Photo: Press (Karen Gwyer)

Karen Gwyer’s mix for our Groove podcast starts with some repetitve, sweet string sounds and William Basinski-like, unidentifiable sounds. Slowly, a beat emerges after a few minutes, a rough-sounding and irritatingly monotonous kickdrum. It takes about 7 and nearly a half minutes until Gwyer’s mix takes on the dynamics of a conventional Techno or House set. Not that the US-born producer currently residing in the UK would make music that could be classified as Techno or House in the purest sense of the word. However, her releases for No Pain In Pop, Opal Tapes, Nous and Don’t Be Afraid aim at the dancefloor, she explains in our interview. Which doesn’t mean that Gwyer’s mix, just like her music, is conventional in the strict sense of the word.



You’ve once said in an interview that you “want [your] music to not be what people expect”. How does one even achieve that?
I can only claim to want to achieve it, I’m afraid, not to have the slightest clue as to how to go about it. And anyway, I doubt that there is any predictable type of sound that people really expect now from dance music. I reckon that was a slightly ill-considered thing for me to have said. It doesn’t really mean anything.

What is your relationship with House and Techno like? Dance music definitely is the blueprint for your work, but you take a lot of liberties with it.
I don’t think that Techno and House are fixed forms with identifiable universal benchmarks, free from time and locality. But I do often feel like I’m being too conventional with my music. I can’t describe at all what that means, though I can say that I try to work towards direct yet complex beat structures and tend to produce tracks that are without a doubt danceable, but not likely to be dj tools.

After a slew of releases on more “leftfield”-orientated labels like Opal and No Pain In Pop, your last EP came out on Don’t Be Afraid, possibly the most dancefloor-friendly imprint on which you’ve released. Does that reflect your development as an artist?
I’ve reached a point where I really just want to get booked to play dance music to people who are likely to dance. That’s when I’m the happiest. I’ve been doing that in practice in my live sets for a long time now, but I get the sense that I’m still seen as somebody who plays meandering, textural music in churches. Which I did do, once or twice on highly visible video platforms that love to come up at the top of a damned google search. So my current approach with releases is working with labels that are fortunately both massively supportive and more immediately associated with the dancefloor.

I am also asking this since your debut EP for Don’t Be Afraid references the process of mitosis. What were the ideas that informed this EP?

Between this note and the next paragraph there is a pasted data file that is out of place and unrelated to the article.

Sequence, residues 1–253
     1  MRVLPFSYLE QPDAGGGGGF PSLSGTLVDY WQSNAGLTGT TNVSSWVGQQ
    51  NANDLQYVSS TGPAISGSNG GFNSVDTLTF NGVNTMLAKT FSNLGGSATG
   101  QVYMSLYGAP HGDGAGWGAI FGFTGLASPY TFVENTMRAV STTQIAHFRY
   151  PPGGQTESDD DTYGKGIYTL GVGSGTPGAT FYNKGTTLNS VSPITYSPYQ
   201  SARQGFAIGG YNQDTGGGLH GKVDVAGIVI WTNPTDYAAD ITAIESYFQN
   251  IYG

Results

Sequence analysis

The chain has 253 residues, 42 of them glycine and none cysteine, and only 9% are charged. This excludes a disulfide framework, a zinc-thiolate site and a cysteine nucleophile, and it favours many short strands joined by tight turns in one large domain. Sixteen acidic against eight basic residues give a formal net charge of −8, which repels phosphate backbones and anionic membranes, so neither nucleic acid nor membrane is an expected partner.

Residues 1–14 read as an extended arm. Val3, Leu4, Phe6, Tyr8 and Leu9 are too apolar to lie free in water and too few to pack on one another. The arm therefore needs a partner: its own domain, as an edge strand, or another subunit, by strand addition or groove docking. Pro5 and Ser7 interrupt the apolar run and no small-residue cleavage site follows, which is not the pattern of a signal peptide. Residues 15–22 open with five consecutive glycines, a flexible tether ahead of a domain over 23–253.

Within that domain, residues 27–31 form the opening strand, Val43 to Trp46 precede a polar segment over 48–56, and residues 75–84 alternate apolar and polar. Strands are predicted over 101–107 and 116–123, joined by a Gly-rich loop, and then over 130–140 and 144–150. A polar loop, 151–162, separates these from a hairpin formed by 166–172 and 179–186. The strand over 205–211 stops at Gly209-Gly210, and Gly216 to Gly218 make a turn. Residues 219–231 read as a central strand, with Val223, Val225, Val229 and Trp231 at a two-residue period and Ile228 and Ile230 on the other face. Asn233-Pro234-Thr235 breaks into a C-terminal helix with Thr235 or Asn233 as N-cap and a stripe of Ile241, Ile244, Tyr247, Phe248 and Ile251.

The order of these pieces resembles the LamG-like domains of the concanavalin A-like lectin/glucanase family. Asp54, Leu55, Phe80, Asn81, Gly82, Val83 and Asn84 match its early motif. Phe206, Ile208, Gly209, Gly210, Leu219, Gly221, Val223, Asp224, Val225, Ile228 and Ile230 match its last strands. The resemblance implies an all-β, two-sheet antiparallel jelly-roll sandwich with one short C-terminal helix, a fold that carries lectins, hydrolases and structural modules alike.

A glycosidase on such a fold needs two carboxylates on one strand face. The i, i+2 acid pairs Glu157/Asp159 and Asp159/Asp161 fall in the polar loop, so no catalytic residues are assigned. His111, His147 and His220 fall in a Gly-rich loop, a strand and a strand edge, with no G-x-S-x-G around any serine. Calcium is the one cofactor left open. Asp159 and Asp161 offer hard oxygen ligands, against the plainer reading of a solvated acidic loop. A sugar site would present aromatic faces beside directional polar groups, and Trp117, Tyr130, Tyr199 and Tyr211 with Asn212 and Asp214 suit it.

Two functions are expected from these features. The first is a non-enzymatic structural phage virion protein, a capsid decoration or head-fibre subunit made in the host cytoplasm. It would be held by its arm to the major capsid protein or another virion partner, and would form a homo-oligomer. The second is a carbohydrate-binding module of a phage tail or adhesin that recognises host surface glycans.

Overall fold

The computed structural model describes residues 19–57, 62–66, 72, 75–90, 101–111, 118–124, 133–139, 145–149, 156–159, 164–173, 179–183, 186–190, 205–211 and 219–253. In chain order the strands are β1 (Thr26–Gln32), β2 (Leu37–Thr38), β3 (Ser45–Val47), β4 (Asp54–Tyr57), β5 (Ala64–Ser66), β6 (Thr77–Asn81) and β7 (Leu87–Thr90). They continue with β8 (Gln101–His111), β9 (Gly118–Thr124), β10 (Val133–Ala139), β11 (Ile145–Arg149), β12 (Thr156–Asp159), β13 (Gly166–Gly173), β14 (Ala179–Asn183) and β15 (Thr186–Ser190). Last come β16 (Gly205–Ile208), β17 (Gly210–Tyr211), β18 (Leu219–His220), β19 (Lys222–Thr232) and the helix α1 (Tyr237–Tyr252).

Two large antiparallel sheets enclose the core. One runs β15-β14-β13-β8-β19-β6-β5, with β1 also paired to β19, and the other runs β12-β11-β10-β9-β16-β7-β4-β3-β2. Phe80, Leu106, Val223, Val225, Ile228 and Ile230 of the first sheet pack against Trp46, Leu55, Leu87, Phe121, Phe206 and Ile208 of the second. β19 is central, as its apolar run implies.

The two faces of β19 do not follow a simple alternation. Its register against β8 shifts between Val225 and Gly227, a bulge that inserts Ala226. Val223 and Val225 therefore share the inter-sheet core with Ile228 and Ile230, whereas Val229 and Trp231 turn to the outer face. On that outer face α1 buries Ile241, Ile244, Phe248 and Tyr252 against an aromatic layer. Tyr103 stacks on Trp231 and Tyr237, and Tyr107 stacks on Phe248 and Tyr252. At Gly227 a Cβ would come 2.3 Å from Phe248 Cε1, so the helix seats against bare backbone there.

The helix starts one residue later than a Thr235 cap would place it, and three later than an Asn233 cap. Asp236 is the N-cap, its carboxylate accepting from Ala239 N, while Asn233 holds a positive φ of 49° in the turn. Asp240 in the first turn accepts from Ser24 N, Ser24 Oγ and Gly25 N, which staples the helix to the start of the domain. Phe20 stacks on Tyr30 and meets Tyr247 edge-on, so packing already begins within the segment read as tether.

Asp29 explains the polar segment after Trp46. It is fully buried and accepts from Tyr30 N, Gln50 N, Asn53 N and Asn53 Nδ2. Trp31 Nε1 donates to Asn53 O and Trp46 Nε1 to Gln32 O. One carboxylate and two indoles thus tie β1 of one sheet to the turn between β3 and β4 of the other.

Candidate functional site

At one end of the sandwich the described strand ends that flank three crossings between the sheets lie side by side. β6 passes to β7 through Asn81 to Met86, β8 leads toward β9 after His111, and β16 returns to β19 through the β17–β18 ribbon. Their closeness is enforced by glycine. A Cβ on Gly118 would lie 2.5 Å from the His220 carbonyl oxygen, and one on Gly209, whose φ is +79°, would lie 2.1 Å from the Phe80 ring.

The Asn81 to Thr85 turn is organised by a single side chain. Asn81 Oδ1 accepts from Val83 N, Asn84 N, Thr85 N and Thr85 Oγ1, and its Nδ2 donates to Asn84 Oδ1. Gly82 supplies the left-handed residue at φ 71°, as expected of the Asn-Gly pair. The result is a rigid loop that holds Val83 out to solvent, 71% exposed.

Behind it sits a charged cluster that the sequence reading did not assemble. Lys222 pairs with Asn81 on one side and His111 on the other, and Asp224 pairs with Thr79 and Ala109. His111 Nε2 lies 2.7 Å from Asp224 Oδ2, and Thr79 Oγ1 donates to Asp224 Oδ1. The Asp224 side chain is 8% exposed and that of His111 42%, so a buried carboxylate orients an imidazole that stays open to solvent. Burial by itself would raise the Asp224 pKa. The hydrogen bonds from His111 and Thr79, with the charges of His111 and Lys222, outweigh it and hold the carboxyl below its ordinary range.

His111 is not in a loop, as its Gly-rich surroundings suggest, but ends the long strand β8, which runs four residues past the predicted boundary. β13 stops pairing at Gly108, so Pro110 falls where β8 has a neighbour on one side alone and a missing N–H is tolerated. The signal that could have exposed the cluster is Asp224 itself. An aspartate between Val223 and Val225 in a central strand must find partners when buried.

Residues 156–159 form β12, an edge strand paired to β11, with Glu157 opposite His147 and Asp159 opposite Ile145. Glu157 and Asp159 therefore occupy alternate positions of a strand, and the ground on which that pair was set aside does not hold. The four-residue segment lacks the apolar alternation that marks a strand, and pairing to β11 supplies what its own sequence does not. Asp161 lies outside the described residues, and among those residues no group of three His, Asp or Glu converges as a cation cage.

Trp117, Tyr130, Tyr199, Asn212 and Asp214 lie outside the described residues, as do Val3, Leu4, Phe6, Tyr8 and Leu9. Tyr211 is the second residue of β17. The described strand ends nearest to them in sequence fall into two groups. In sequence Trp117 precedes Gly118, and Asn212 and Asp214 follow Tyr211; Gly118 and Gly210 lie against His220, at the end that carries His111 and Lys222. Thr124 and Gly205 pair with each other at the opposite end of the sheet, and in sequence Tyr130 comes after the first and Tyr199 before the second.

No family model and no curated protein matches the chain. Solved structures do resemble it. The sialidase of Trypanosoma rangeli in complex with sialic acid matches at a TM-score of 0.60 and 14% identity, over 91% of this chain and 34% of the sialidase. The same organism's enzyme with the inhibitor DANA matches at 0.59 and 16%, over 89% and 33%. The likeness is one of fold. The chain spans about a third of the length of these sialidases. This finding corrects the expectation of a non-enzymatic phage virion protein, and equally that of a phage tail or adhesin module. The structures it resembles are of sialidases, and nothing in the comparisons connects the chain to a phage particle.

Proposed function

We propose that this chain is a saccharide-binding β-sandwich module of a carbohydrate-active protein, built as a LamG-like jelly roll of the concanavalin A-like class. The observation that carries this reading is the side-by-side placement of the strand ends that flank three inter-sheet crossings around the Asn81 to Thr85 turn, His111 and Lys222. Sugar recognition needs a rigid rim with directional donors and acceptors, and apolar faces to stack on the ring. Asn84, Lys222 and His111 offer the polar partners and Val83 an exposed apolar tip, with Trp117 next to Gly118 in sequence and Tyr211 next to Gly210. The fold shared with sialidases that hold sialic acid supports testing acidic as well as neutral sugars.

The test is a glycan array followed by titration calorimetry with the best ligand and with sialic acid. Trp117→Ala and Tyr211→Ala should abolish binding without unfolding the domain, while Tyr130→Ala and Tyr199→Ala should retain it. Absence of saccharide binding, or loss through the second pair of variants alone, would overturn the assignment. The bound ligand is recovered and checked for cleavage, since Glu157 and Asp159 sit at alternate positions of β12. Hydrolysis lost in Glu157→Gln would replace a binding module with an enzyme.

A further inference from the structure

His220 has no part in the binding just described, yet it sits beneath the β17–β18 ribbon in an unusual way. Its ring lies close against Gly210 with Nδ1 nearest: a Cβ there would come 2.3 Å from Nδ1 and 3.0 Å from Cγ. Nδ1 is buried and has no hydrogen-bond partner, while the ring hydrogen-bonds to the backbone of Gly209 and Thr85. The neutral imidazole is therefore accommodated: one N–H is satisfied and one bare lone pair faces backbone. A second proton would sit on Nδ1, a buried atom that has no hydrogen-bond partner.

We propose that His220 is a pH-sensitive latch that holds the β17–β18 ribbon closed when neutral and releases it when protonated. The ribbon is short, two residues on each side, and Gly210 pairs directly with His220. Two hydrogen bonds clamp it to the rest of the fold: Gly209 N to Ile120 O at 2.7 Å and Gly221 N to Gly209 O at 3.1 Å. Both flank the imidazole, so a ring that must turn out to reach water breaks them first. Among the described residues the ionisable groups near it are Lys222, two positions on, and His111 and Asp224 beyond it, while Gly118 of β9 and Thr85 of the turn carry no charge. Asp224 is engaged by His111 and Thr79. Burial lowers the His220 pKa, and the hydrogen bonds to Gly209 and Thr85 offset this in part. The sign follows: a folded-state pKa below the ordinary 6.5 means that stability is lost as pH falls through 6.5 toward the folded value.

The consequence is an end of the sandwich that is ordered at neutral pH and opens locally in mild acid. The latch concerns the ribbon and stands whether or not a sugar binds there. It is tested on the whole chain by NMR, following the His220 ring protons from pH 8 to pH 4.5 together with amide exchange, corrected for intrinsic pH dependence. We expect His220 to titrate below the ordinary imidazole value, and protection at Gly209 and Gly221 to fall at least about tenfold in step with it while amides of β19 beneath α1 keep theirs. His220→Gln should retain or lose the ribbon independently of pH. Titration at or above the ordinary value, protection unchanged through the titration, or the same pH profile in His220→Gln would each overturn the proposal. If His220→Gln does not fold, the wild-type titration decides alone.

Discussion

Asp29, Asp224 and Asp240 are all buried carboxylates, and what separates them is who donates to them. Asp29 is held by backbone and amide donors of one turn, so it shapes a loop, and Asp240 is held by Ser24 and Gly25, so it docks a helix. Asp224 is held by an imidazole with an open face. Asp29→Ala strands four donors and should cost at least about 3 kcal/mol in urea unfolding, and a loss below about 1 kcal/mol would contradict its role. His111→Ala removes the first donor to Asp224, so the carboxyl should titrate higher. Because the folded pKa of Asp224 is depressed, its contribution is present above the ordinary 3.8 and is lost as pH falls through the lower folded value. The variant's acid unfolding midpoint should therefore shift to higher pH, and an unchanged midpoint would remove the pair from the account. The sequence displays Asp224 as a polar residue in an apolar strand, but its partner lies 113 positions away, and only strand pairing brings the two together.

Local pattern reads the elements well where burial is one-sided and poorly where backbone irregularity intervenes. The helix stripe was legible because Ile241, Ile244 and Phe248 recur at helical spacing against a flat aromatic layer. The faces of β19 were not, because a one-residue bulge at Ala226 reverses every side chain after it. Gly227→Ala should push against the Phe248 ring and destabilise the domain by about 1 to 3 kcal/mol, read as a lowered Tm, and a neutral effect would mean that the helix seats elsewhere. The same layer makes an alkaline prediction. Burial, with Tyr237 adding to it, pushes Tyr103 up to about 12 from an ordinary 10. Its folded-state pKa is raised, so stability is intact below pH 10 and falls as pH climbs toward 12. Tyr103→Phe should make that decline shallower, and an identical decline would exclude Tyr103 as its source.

Unfortunately none, really; I can’t begin with an idea and end up with music. In fact, the less I think about it, the easier it is to work. If I start thinking, I just think myself into a hole. The mitosis reference is documentation, as most of my release names are, which anchors it in a period of my life and refers, in this case, to a specific situation that was occurring while I was working on the record. Some people have assumed that my state of pregnancy informed the work I produced at that time. I routinely have to counter this with the assertion that it had no more influence on the material than my haircut did, which I think may be disappointing for those looking for a sort of deeper, primal experience of the “female producer.” Perhaps I’m doing myself no favours, then, naming my releases as such. But really, I’ve got other things to worry about, and I’m not going to sweat it.

You are also known for your live sets, which usually are partly improvised. What exactly is your approach there – how does, for example, the setting influence your decisions as a performer?
Roughly, if the crowd is really enthusiastic, I try out more new tricks, pushing the small amount of gear on the table further and get a combination of weirder, crushing, and delicate sounds out of it. And I play around with the beats a bit more, to break up any sort of continuous flow in the kick. If the crowd seems up for it, I’ll go for a big, tense build-up, pulling out the kick for ages until it feels too itchy and a bit wrong.

Just like your own productions, your contribution to our Groove podcast takes some unexpected turns. What was the idea behind it and how did you record it?
I just chose some music that I thought worked nicely together and may or may not be on everyone’s radar at the moment.

Last but not least: Where can we see you behind the decks – or live – in the forthcoming weeks?
I’m playing live in Berlin on November 25th/26th for the Mother’s Finest night at Griessmuehle with a great group of people including Kowton, Laurel Halo, Peverelist, Hodge, Don’t DJ and loads more. I’m really looking forward to this one as it has been too long since I last played in Berlin.


Stream: Karen GwyerGroove Podcast 81

01. Martijn Comes – Song Of The Rock To Rise
02. zolaa. – Kaban Groove
ß3. Maxine & Cleo – Celestial Frame Of Mind
04. Plebeian – IHave M2
05. Bloempot – R.Y.B.
06. Beau Wanzer – Whistle When You’re Low
07. Mitchell Akiyama – With Rift
08. Plebeian – Spokes
09. Dual Shaman – Rite
10. Antonio – Danger
11. Mordant Music – Dungeon Sequence
12. C – Diphtongues
13. Unknown – Untitled

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Kristoffer Cornils war zwischen Herbst 2015 und Ende 2018 Online-Redakteur der GROOVE. Er betreut den wöchentlichen GROOVE Podcast sowie den monatlichen GROOVE Resident Podcast und schreibt die Kolumne konkrit.